“For a very long time now I’ve been yearning to return to my first calling as a photojournalist,” duCille wrote in a message to the Post photography staff. “After years of editing, the urge to shoot again (always beneath the surface), is hard to ignore.”
“Relinquishing the passion to help edit your photos and to have an impact on your work in the newspaper is not easy. I often felt that I was your representative in the newsroom; I will miss being there for you. As an editor, I have always tried to keep the mind and eye of a photographer — trying not to forget your daily dilemmas. I hope that those memories will come in handy as I embark on new adventures,” duCille concluded. He’s been an NPPA member since 1981.
Joe Elbert, assistant managing editor for photography for The Washington Post, named Keith Jenkins(PhotoBlog), photography editor for The Washington Post Magazine, to succeed duCille. “Michel leaves an important role, but we are lucky to have the perfect successor in Keith,” Elbert wrote in the announcement.
“When I persuaded Michel to leave The Miami Herald and become a picture editor here at The Post, he’d just won his second Pulitzer,” Elbert said, “and I couldn’t believe I was asking him to hang up his cameras. Still, he agreed, thinking he would do it maybe three years and then return to shooting. I’m an incredibly lucky guy because he did it for 17 years.”
The first Pulitzer Prize for duCille was shared with fellow Miami Herald staff photojournalist Carol Guzy (now also at The Post) for their spot news coverage of the Nevado Del Ruiz volcano in Colombia in 1985, winning the Pulitzer in 1986. A second Pulitzer followed in 1988 for feature photography for a Tropic magazine photographic essay on crack cocaine addicts in a Miami housing project called “The Graveyard.” He credits his love of photography to his father, who worked as a newspaper reporter in Jamaica and the States. After graduating with a B.S. in journalism from Indiana University in Bloomington, IN, duCille later earned a graduate degree in journalism from Ohio University in Athens, OH.
Clearly the urge to shoot has stayed with duCille even as he worked as an editor. In recent years he picked up a camera to cover the “Marsh Arabs” returning to their homes in southeastern Iraq after the fall of Saddam Hussein; the refugee crisis created by 14 years of civil war in Liberia; and an essay called “The Other War,” documenting the cruel and disfiguring aftermath of war suffered by the citizens of Sierra Leone as a result of their own civil battle, a conflict mostly unseen by the world because global attention was focused on the bloodshed in Kosovo.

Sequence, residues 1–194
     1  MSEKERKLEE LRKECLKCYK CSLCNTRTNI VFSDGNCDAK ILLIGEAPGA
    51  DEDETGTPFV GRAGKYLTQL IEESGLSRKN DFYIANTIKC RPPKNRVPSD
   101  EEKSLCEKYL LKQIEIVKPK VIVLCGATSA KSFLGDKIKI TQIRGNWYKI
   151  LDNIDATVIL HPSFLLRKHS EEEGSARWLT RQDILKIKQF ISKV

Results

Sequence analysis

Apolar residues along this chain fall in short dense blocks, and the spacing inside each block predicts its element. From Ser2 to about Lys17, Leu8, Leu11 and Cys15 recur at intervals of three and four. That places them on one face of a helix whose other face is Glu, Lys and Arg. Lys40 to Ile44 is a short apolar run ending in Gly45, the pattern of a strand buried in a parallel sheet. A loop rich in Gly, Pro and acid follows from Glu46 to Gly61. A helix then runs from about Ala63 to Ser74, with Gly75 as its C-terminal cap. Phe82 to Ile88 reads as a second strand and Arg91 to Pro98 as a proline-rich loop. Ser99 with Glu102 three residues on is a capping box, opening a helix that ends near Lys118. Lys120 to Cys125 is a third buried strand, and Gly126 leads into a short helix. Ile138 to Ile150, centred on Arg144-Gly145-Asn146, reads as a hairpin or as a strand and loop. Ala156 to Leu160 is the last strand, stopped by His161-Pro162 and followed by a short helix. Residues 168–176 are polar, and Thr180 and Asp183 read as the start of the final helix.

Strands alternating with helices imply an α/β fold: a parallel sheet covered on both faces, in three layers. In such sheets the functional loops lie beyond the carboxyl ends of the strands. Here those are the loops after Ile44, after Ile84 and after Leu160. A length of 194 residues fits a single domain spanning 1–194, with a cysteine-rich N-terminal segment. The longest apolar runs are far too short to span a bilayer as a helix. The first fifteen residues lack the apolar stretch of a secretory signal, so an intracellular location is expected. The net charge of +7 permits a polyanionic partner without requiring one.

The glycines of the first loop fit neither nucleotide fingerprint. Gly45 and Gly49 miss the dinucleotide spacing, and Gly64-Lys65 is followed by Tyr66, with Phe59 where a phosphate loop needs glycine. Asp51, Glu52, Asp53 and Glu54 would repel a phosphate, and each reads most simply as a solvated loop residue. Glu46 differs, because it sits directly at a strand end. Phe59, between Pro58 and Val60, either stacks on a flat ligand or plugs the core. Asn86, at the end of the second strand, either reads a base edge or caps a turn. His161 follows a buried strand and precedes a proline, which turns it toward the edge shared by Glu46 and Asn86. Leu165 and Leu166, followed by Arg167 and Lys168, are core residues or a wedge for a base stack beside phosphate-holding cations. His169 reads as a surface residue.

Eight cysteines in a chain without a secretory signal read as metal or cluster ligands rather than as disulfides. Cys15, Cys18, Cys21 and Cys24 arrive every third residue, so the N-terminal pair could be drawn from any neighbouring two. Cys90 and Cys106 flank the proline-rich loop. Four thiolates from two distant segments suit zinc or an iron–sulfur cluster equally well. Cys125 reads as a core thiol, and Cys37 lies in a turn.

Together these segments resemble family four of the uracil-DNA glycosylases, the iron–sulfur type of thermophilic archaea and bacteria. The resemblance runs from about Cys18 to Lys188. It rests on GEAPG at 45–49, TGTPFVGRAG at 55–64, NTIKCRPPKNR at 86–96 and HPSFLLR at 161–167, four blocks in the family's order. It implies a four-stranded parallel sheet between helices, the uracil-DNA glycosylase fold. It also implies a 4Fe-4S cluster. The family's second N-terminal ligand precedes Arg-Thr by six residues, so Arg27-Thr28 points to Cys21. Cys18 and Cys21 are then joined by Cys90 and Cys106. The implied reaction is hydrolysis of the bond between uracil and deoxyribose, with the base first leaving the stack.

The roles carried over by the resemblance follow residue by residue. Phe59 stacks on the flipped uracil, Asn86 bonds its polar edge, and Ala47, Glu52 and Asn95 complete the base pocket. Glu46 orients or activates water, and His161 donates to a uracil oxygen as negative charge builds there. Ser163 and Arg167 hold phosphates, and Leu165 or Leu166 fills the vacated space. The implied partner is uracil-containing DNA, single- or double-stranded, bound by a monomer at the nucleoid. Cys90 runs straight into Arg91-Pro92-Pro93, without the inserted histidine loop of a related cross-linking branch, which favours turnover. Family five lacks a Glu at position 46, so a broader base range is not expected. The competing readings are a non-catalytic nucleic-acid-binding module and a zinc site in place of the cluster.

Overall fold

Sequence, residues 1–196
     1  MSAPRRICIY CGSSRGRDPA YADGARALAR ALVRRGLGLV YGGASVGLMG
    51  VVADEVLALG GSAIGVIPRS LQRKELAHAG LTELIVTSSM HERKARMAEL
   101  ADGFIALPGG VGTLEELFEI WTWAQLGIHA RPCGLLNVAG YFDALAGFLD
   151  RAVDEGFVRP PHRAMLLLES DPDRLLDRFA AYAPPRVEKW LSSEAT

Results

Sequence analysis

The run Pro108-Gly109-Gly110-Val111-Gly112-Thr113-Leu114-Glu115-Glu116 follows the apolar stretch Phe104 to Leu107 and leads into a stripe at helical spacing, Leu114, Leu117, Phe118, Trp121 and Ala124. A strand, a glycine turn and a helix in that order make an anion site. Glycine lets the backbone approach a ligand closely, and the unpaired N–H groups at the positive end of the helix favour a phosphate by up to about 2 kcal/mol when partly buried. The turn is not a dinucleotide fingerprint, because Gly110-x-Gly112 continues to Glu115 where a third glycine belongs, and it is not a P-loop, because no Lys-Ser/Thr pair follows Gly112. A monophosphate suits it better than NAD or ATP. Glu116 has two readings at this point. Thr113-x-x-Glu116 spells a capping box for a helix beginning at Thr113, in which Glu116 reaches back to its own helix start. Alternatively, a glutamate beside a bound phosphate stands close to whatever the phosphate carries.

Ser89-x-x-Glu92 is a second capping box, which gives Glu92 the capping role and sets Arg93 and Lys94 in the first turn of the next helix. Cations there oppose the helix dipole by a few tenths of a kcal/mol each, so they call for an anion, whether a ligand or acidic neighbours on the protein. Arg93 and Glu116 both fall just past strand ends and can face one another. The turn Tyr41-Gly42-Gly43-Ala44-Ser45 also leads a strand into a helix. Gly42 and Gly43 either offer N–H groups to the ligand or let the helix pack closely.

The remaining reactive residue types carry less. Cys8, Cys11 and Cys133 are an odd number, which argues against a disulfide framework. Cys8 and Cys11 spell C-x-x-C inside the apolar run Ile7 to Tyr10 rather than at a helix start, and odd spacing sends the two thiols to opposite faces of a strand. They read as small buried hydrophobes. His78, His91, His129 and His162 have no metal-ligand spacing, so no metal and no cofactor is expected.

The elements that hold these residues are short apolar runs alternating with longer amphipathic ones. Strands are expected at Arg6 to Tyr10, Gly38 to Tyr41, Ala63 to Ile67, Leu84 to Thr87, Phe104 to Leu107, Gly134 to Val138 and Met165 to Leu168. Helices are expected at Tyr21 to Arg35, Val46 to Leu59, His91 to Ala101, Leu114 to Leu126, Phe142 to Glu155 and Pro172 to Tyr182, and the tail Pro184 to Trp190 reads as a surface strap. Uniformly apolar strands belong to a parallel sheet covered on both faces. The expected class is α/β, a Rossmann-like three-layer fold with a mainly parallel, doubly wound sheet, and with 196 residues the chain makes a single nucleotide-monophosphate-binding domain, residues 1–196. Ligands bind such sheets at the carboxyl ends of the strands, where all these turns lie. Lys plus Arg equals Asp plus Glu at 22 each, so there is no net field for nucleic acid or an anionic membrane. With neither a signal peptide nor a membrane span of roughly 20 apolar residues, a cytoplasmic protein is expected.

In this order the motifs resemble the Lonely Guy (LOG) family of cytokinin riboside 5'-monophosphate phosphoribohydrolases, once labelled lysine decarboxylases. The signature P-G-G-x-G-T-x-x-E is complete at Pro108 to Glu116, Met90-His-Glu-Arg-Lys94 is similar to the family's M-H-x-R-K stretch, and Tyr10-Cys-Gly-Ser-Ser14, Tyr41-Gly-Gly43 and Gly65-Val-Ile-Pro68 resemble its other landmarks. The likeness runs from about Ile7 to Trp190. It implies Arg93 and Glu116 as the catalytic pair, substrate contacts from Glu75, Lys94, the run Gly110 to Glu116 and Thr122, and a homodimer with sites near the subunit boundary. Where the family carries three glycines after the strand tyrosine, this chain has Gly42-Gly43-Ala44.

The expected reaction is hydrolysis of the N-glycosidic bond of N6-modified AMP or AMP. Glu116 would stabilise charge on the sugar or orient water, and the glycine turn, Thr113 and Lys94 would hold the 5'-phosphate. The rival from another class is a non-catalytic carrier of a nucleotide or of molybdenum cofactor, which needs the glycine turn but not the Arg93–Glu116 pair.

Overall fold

"I feel incredibly blessed to have gone from one of the best magazine jobs in the country to one of the best newspaper jobs in the world," Jenkins told News Photographer magazine. "The Post is one of the few remaining families in an otherwise corporate journalism world. That helps make the work that we do here special, and makes it a pretty great place to work."
"I look forward to the challenge of following in the amazing path of Michel, as well as to helping the photography staff - many of whom I had the pleasure of working with at The Washington Post Magazine - chart a course for photojournalism into the 21st century."
Jenkins became a staff photographer at The Washington Post in 1992 after working as a freelance magazine photographer for publications such as U.S.News & World Report, Washingtonian, Entertainment Weekly, and The Washington Post Magazine. In 1996 he became the first director of photography for Washingtonpost.com, and from 1997 to 1999 he was the first director of photography for American Online. He returned to the Post in 1999 to become photography editor of the Sunday Magazine.
Jenkins was also a staff photographer at The Boston Globe and has a law degree from Boston University. NPPA, the Society of Newspaper Design, and the Society of Professional Journalists have recognized his work as a photographer and photo editor. He’s been a workshop teacher at The Poynter Institute for Media Studies, and a portfolio of his photographs is in a permanent collection of the Smithsonian Museum of American Art.